Indonesia’s exports are set to drop 24% because most of the country’s smelters won’t meet a new government standard that demands lower grades of impurities; these won’t be allowed to export tin. Chinese production is also slumping.
Morgan Stanley is predicting demand for the metal that is used in solder and food packaging to reach 361,000 tonnes this year against mine supply of 357,000 tonnes. That is likely to prove a conservative estimate of the looming deficit.
Back in September, I said to regard tin as a critical metal. It is more so now.
As I wrote then, it’s hard to regard something that’s been mined since 3000BC as critical metal. But the world’s largest mine (in South America) is due to close within four years and now Indonesia is trying to drive out of business many of the smaller tin producers.
Tin closed at $24,930/tonne at the London Metal Exchange on Tuesday. An analyst survey by Bloomberg last week come up with an average 2013 forecast of tin at $28,750/tonne.
On the demand side, Japanese imports recovered slightly in 2012 from their sharp fall in 2011 caused by the earthquake and tsunami. And South Korea’s Public Procurement Service has opened tenders for supply of the metal to go into the country’s stockpile.
Stephen Briggs at BNP Paribas in London’s latest report is titled “Tin will stay on top”. He’s estimating the 2012 deficit at 10,000 tonnes and a 2013 shortfall of 5,000 tonnes (much higher than Morgan Stanley’s).
He wrote: “What makes tin’s performance both in 2012 and since 2001 all the more remarkable is that it has been achieved despite demand being relatively weak,” he writes.
As for the future, several new uses for tin have been identified, notably in batteries and steel.
GRAPHITE: Time for a quick update on what the Australian graphite explorers are up to.
Triton Gold (ASX:TON) has acquired two more tenements at its Mozambique project. One licence area includes “highly prospective and large anomalous zones” while the other is only a short distance from the ground held by Syrah Resources (ASX:SYR); last month Syrah reported a maiden resource of 151 million tonnes at 17.1 per cent graphitic carbon.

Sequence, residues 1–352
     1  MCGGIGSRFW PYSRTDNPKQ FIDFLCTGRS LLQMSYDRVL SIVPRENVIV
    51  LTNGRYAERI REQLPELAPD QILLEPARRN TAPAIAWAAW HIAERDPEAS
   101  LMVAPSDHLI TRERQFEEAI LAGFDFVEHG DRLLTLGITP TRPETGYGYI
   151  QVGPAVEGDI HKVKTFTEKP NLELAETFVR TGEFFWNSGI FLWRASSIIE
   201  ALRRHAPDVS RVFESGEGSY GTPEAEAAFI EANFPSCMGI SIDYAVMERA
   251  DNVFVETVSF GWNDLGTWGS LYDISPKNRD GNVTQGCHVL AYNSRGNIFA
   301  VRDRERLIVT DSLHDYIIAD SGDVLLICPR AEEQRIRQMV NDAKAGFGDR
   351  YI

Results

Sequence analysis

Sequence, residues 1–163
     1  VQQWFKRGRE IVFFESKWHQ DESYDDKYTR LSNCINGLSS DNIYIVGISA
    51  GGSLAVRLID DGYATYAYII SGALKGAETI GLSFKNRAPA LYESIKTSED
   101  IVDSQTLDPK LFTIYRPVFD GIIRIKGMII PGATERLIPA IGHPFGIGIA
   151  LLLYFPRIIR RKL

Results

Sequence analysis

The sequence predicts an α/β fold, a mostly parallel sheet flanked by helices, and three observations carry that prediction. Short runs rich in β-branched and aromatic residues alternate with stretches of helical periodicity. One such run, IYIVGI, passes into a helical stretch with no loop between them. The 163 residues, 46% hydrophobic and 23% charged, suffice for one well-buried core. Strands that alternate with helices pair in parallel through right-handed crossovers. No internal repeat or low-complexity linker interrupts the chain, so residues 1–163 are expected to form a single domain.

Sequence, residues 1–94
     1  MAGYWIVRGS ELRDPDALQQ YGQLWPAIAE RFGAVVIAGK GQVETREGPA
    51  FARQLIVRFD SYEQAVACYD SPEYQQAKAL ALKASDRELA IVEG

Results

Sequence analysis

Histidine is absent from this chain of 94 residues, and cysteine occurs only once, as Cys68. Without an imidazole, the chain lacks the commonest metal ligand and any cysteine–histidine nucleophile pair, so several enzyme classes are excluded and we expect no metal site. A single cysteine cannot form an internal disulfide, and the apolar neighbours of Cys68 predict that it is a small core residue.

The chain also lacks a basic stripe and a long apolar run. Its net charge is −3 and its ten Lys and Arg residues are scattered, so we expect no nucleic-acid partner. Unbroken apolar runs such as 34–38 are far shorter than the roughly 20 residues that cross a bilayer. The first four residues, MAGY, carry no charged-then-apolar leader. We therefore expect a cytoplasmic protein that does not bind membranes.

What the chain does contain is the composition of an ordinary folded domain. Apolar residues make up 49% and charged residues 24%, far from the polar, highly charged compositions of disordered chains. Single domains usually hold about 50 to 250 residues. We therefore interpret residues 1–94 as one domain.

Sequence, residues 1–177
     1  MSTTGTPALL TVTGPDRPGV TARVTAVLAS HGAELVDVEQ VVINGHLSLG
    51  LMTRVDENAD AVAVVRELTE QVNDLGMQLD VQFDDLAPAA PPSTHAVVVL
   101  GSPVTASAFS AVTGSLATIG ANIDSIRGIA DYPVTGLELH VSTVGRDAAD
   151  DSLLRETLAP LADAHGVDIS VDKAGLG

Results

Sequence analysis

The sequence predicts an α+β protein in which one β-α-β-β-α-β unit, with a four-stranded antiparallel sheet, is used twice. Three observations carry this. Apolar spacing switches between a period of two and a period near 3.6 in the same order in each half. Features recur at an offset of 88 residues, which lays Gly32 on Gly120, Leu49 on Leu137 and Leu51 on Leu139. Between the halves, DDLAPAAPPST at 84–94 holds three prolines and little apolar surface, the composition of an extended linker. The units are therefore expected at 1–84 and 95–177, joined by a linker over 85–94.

Talga Resources (ASX:TLG) is about to begin drilling at its Raitajarvi coarse flake graphite deposit in northern Sweden. It is targeting a resource that includes 49% large to jumbo flakes. In total, 31 holes will drilled, a total of 3,800 metres of diamond drilling.
Sovereign Metals (ASX:SVM) has completed the acquisition of its Malawi project and has raised A$3 million from European investors. Trenching exploration is expected to begin in the coming months.
Kibaran Resources (ASX:KNL) has completed drilling at its Mahenge project in Tanzania. Significant intersections included 53 metres at 10.4% graphitic carbon; work is now continuing to confirm the continuity of the graphite in other zones.
And Lamboo Resources (ASX:LMB) has completed 93 holes at the McIntosh property in Western Australia. Meanwhile, the company has been granted the Samcheock flake project in South Korea with an inferred 200,000 tonne resource.
Maiden resource drilling has begun at the projects on the Eyre Peninsula, South Australia, owned by Lincoln Minerals (ASX:LML). As the company points out, more than 30 known graphite prospects and historic graphite mines are located near Port Lincoln and Cleve on the Eyre Peninsula.
GOLD: Good news for gold miners who maybe have marginal operations – either in terms of grade or costs. The latest commodity outlook from JPMorgan says you will be needed. Because central banks will likely remain buyers of physical gold. This means that “marginal gold supplies will likely continue to be needed to meet demand, supporting gold prices,” says JPMorgan. A graph shows that Russian central bank holdings have risen from about 12 million ounces in 2007 to around 30 million ounces now.
Meanwhile, in another commodity review out this week, London’s Capital Economics says there are several catalysts that could send gold higher. Top of their list is a renewed escalation of the Eurozone crisis. Another candidate is the fiscal position of the U.S. and Japan.
But Capital Economics thinks silver will under-perform gold, its dependence on industrial demand holding it back as the global economy falters.